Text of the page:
Honda CBF600

One motorcycle is never enough! So, I’ve now added this 2008 Honda CBF600SA to the garage.

My BMW GS800 Adventure has been working out well for solo rides and for longer trips, and will continue to serve me well in that regard. But it is not particularly well suited for day-trips with a pillion passenger, due to the height and weight of the bike. When Bev told me that she would like to join me on my rides, I decided to find a bike that she’d be more comfortable on.

When I undertook rider training in the UK and subsequently passed my Direct Access Scheme motorcycle test, I did so riding a Honda CBF600. I was impressed with the training school’s CBF and found it to be a very capable bike that was easy to ride. Most of my previous bikes have been Hondas so, when I began to think of buying a second bike, the CBF600 seemed like a good starting point.

Screen Shot 2018-05-21 at 5.10.19 PM
With my UK test pass certificate and the CBF600 that I passed the test on

It turns out that the CBF600 is a popular bike in Portugal. When I looked online for listings of used bikes, I found 26 CBF600 listed for sale. I narrowed the list down to the fuel-injected model that came out in 2007 and there were still about a dozen listed. I went to look at three bikes at various dealers before I went to see this one – a private sale by an owner who lived near to Lisbon, necessitating a long ride to go see it. Despite being a bit older than I wanted and having fairly high mileage (78,000), it was clear that the bike had been kept in excellent condition. I agreed to buy it and headed home. I returned a few days later, on the train, so that we could finalise the sale and change over the registration into my name. Then I rode the bike home.

As well as being well looked-after, the bike also had some after-market extras. These included a Bagster leather tank cover; a Givi high windshield; Sellerie seat; USB socket; gear change indicator; Givi top case and side mounts that can take Givi panniers; and Puig mushroom frame protectors.

Since buying the bike, I’ve made a few adjustments myself. The first task was to buy an additional mount for my TomTom navigator, together with a RAM mount, so that I can transfer the TomTom back and forth between bikes, depending on which one I’m using at the time. I also discovered that whilst the Givi screen is taller than the stock model, it is still not tall enough for a rider of my height. At highway speeds of 120kph, my head was getting buffeted by the wind. I ordered a Givi Shield+ deflector and, now that is attached to the windshield, the buffeting problem has been eliminated. Similarly, whilst the bike was fitted with an after-market Sellerie seat, it wasn’t very comfortable after an hour or more in the saddle. I had an upholsterer insert gel pads into the seat but that hasn’t helped much. So, the most recent adjustment has been to buy a previously-owned Shad seat, in the hope that it provides the desired level of comfort. We now need to do another long ride to assess its comfort.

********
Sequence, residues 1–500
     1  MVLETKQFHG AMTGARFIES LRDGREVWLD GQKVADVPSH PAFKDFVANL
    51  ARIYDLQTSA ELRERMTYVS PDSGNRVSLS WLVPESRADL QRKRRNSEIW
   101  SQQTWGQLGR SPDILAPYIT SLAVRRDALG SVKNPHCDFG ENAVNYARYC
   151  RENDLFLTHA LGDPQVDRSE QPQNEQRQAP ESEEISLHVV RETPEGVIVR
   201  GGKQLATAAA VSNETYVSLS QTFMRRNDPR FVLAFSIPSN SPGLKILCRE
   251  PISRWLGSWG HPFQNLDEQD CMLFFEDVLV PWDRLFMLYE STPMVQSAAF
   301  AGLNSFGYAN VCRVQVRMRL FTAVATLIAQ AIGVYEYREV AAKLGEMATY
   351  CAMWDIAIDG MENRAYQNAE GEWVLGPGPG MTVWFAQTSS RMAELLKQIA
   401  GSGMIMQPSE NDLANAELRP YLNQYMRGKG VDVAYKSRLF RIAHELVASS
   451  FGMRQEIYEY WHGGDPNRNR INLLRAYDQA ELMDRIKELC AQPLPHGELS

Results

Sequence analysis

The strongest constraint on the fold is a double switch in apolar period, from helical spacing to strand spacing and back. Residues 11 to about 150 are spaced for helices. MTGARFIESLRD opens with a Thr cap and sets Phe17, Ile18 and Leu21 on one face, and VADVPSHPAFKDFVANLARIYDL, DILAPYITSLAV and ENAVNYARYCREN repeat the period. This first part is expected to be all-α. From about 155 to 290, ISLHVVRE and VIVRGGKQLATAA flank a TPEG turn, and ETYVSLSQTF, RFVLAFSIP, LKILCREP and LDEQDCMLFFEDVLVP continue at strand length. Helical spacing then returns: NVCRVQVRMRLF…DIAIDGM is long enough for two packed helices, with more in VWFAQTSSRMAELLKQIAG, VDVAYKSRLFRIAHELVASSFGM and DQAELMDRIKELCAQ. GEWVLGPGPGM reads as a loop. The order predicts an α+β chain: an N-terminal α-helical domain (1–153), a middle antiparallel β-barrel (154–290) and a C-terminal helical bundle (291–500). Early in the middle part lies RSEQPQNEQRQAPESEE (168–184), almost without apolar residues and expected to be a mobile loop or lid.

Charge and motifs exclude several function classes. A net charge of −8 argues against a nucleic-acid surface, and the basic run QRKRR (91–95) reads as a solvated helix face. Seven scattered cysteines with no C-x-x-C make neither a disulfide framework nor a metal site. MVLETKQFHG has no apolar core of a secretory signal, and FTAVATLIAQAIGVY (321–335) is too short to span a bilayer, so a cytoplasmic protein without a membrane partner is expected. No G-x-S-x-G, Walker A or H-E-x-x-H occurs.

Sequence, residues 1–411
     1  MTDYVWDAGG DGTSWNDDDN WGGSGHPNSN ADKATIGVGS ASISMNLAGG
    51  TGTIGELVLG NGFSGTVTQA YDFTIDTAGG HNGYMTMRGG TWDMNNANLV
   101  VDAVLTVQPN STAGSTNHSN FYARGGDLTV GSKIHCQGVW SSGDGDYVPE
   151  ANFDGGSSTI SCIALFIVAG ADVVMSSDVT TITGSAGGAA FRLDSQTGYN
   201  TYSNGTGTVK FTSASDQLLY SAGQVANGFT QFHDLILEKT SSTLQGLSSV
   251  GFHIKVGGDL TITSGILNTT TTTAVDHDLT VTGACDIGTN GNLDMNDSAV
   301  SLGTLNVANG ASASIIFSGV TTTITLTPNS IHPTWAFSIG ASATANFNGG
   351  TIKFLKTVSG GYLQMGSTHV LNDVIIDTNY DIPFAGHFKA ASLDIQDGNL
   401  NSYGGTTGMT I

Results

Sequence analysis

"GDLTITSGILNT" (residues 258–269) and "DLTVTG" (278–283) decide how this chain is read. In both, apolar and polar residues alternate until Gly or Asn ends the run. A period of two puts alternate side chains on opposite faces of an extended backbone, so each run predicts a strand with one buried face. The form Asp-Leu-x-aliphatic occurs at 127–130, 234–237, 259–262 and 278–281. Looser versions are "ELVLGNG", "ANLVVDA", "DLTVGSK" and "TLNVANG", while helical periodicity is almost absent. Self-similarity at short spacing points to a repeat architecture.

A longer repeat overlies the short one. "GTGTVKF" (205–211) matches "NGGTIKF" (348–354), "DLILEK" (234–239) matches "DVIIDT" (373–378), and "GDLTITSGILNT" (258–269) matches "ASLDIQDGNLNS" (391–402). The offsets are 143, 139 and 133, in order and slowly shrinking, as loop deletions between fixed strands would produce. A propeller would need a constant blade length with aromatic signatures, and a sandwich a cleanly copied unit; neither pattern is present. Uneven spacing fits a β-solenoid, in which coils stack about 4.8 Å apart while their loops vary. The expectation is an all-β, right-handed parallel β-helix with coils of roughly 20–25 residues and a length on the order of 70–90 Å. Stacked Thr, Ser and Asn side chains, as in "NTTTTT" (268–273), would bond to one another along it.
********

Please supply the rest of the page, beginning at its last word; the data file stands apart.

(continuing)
The bike is already proving to be very capable. It feels much smaller than the GS800, but when the throttle is cranked, she’s got plenty of power to get up and go. Just as I found with the training school bike, it is very easy to handle. I think it is going to make an excellent day-tourer that will provide a lot of fun along the way.


  1. Hi!!

    First.. I love all the things you installed on the CBF 600. But i have two questions..

    What is exactly the model of the cover tank? I have a Cbf600 too, and im a little confused with the numbers and models.

    And, the last question.. The GIVI Shield.. Same question.. Is the D303ST?

    Thank you very much!!!

    1. Thanks Hugo,

      The tank cover was already on the bike when I bought it. It is a Bagster leather (or imitation leather) tank cover. Here is a link to one that looks to be the same –

      The taller Givi windshield was also fitted at the time that I bought the bike, but the D303ST appears to the he same item. The Givi Shield+ deflector that attaches to the top of the windshield is model S180T.

      1. Thank you very much for your quick response.

        With this information I will be able to buy the accessories without problem.

        Have a nice day!

  2. Hi Craig.

    About the shad seat .. Is it comfortable enough?

    I’m thinking about acquiring one, but I do not know if it has gel. After several years with a seat that has gel installed, the difference is incredible.

    About the bike, it’s incredible, very versatile, you can make routes around town or go to Nordkapp.

    Nice day!

    1. Hi Hugo,

      The Shad Comfort seat is indeed comfortable, but they don’t use gel in the construction.

      Their website says “Our seats DO NOT use gel solutions that are deformed as time passes and are sensitive to temperature changes. 3D MESH technology guarantees hours of travel without losing its shape; it absorbs vibrations and dampens the rebound, as well as offering more elasticity and resistance.”

  3. Hi Craig.

    Thank you very much for the information.

    About the specifications SHAD shows on its website.. I have doubts about the veracity of these data. All the bikers are happy with the gel, and I find it strange that this “3D MESH” technology is better than the gel.

    On the other hand, I have a seat with gel for 6 or 7 years, and I have not noticed deformities or hardness, it’s still fine.

    I will decide in the coming weeks. Again, thank you very much for your help, Craig.

    Have a nice day.

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